As a result of these factors (i.e. lack of sleep, increased sense of loneliness, perceived lack of time, etc.), Gen Z reports enduring more “extreme” stress than any generation before them. In fact, 58% say they are at least moderately stressed, while 10% say they are extremely stressed.
A by-product of being constantly connected to their phones and, by extension, the world around them is that Generation Z regularly comes in contact with “cool people doing cool things.” This constant connectivity exacerbates their concern of being left out. Generation Z may spend less time interacting in-person, but when they do, they document everything on social media, making those not invited to come along keenly aware of it. In fact, Generation Z has a specific word they use when referring to this: FOMO (“fear of missing out” ).
Ultimately, all of these factors result in increased incidences of depression in Generation Z. In fact, heavy users of social media increased their risk of depression by 27%. Put simply, the more connected Generation Z is, the more likely they are to report symptoms of depression.
Given everything that we’ve learned about Generation Z, it is clear that institutions need to adopt a new engagement approach in order to keep up. Also, we must realize that we are not going to change Generation Z’s behavior. Because they’ve grown up in this fast-paced, connected world, trying to peel Gen Z away from their phones and engage them through more traditional methods is simply not going to work. In fact, institutions are the ones that need to change since the onus is on them to adjust the way they support Generation Z.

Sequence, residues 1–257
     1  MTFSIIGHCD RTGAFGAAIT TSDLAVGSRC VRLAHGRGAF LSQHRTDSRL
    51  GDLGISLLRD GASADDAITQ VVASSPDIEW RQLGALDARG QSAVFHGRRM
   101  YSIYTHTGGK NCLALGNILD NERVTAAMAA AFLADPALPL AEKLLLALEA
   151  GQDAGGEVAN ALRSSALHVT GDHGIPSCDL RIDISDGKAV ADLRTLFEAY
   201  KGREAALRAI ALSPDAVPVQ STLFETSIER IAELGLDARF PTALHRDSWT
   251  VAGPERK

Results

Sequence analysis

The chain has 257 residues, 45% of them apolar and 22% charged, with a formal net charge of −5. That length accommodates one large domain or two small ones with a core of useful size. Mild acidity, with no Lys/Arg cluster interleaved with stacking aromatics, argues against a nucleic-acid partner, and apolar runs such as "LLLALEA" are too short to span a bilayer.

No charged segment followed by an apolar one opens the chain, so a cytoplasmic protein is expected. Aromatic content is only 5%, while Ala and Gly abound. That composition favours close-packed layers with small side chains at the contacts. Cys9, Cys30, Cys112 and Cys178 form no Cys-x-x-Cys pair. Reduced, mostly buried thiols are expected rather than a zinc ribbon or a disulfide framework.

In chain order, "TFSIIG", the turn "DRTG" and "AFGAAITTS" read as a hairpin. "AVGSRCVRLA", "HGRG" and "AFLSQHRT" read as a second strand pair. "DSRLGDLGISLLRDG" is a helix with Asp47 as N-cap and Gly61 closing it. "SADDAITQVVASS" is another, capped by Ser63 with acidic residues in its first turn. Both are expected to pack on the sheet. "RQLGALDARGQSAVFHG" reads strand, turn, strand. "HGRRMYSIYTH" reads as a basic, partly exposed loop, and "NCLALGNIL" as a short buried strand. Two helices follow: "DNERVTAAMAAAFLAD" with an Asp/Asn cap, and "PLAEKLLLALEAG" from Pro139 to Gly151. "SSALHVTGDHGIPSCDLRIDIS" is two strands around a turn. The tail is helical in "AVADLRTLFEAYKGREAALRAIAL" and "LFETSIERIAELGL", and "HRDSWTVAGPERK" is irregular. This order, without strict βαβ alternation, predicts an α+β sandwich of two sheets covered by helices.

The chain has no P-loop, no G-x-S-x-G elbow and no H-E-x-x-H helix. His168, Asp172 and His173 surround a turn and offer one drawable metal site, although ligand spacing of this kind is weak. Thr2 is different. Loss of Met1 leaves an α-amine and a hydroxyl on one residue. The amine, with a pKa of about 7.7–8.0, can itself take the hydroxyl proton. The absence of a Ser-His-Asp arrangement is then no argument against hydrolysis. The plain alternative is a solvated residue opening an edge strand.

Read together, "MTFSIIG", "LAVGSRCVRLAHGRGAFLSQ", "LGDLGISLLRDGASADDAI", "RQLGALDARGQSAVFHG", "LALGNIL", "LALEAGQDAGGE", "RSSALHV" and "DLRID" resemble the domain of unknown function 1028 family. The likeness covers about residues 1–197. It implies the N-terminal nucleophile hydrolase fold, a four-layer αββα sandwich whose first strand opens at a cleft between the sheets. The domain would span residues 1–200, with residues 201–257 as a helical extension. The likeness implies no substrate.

In order to support this uber-connected generation (no pun intended), the first (and most important) thing that institutions need to do is be where Gen Z is: their phones. Institutions need to adjust their support-services to be more accessible through mobile devices since this is how Gen Z wants to engage with information. Not only do institutions need to speak Generation Z’s language, they need to do it on the platforms Gen Z is using.
Traditional service delivery methods don’t meet the needs of this generation. Institutions need to broaden access to services by adopting digitally enabled student services to supplement their traditional, in-person services.
Students facing an issue should not have to wait until office hours to see a counselor or to get assistance. They should be able to do that when needed, and the primary way to do this is through mobile devices. This is how Generation Z want to engage with information and this is what it has come to expect. As a result, this is what institutions need to provide.
Institutions must change the way they support Generation Z by providing today’s students with a mobile platform that consolidates all support resources and services into one place. When students have a question or need assistance, they should not have to search through various websites and resources for the solution. They should be able to get the information they need, at the time they need it, wherever they may be.
Institutions must also adjust their resources to adhere to the 8-second filter. In this regard, these resources must be easy to find and navigate when they are needed by the student, at all hours of the day. Remember, Generation Z is used to engaging with platforms that surface information when they need it and this must also be the case with institutional support resources as well.
Support services and resources must also be personalized to the individual student. Institutions often have various on-campus systems that have information about their students. In order to provide personalized resources for their students, it is essential for these systems to be integrated with each other. This integration allows data to be shared across all the various systems, and for the important and relevant information to be surfaced to a student when they need it.